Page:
Fri, May 11, 2018 - Page 9 News List

Asia’s message to the world: Open for business, but on our terms

By Andrea Tan and Enda Curran  /  Bloomberg

Asia’s biggest emerging markets are flinging open their doors to court overseas investors, but there is a catch — and it is a big one.

China, India and Malaysia have pledged to open up channels for foreign money to flow through their markets, with policymakers and heads of state publicly proclaiming their wish to be full-fledged members of the global financial system, but the reality often falls short of the rhetoric as national governments insist on maintaining regulatory systems designed to keep capital flows and trading rules under tight control.

Asia’s Tiger economies still remember how unfettered capital flows and free-market capitalism sunk their economies about 20 years ago.

During the 1997 to 1998 Asian Financial Crisis, booming regional economies attracted “hot money” from overseas and borrowed heavily in US dollars. When currencies and stock markets cratered foreign investors headed for the exits, triggering a painful economic slump and banking crisis.

That is why Asian leaders, while welcoming foreign investors, are wary of adopting the Western-style liberalization template.

Singapore-based Pictet Wealth Management chief investment officer of Asia David Gaud said: “1998 is still on everyone’s minds.”

“The Asia model will be a mix of Western rules and state strategy of opening up to help national development and not for total liberalization,” he said.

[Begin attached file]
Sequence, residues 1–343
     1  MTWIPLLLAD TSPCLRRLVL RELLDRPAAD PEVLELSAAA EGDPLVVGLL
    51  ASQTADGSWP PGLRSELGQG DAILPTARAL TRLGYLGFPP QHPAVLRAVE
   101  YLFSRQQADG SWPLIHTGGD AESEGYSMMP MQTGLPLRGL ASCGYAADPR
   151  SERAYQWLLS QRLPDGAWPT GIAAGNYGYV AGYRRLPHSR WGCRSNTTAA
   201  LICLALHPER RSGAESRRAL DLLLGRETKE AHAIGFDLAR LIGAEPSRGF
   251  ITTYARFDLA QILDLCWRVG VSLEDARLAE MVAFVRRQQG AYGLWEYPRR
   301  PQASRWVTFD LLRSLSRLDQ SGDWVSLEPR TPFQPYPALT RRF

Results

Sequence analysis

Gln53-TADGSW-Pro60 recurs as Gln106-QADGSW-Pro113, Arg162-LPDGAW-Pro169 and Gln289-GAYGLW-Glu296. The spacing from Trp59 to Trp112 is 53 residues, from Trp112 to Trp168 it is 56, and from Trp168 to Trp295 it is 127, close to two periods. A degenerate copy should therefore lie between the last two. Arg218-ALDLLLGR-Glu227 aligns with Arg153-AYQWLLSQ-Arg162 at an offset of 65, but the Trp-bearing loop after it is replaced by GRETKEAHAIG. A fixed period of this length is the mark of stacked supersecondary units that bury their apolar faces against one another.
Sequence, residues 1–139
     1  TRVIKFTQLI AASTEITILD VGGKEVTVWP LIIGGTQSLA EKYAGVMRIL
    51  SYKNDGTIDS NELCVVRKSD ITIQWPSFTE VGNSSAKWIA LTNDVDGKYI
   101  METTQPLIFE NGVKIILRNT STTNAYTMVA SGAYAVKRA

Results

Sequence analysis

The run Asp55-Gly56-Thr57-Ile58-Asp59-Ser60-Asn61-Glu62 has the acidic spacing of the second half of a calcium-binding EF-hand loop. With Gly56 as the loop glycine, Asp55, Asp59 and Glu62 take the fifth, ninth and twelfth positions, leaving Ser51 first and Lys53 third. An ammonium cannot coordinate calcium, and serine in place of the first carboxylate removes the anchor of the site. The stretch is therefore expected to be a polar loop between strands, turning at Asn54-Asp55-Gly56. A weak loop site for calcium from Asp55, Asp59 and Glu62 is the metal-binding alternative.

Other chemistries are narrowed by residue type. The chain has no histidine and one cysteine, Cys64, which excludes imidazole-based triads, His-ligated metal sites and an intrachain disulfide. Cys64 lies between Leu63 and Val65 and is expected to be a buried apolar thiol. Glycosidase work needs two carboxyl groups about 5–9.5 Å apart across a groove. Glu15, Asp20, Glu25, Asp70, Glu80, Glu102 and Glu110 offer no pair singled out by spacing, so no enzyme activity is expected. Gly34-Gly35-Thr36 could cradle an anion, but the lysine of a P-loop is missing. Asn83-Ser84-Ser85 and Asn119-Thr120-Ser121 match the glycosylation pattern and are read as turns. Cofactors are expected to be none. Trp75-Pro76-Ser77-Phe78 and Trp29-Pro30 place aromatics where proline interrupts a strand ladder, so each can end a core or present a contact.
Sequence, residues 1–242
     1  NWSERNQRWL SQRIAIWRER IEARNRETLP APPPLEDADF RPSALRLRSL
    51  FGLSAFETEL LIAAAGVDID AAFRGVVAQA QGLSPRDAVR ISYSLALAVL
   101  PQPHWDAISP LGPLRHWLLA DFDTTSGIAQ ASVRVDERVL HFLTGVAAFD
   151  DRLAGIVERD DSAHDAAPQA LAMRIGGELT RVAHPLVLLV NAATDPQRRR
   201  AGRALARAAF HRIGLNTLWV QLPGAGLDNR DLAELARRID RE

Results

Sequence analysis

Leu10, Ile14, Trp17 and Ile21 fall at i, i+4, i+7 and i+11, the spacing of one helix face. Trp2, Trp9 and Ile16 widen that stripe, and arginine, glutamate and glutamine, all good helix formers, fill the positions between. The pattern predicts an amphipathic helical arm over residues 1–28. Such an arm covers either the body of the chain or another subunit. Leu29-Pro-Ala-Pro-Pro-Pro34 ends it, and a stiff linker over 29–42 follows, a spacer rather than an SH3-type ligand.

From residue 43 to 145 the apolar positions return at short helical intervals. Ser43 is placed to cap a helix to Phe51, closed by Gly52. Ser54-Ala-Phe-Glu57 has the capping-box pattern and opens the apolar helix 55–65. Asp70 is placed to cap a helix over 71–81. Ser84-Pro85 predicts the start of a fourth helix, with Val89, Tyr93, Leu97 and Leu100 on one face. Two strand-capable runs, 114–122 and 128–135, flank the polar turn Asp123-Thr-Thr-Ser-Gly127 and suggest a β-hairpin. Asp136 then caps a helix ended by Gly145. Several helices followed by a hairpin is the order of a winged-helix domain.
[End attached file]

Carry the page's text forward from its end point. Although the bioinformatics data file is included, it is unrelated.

The reluctance to cede control is creating tension with international investors and their governments, who are keen to profit from some of the world’s fastest-growing economies.

“China and India are hard places to invest in,” London-based Aberdeen Standard Investments global head of equities Devan Kaloo said. “They want to have control over domestic capital leaving.”

However, because the two nations are among the world’s largest and most attractive investment themes, money managers take the trouble to access their markets, said Kaloo, who manages US$820 billion in assets.

The nascent opening comes during a testing period as a US dollar rally and rising US Treasury yields suck capital from emerging markets.

Asia has not been immune, with a foreign exodus from Indonesian stocks seeing about US$651 million leave the market in the past two weeks.

Other nations, including India, are also vulnerable to outflows.

In emerging Asia, overall investor flows, including into stocks and bonds, are at the slowest pace since 2014, Bank of America Merrill Lynch said.

Full access to Chinese financial markets is one of the simmering trade disputes between Washington and Beijing, while India, whose Prime Minister Narendra Modi spoke at Davos in January of “removing the red tape and laying out the red carpet” for business, has drawn criticism from index compiler MSCI Inc for actions that have curtailed offshore trading.

Days after Modi’s speech in Davos, exchanges in his nation alarmed investors by taking the unprecedented step of axing overseas licensing deals on market data and derivatives products, and while India last month boosted the cap on foreign investment in its domestic bonds, its appetite for such inflows contrasts with China, which has steadily expanded access.

Yet even in China, policymakers are only making it easier for overseas funds within strictly controlled systems.

Greater access to the world’s second-largest economy usually happens on closed loops such as the stock-trading links with Hong Kong or restricted qualified foreign investor programs that require regulatory approval.

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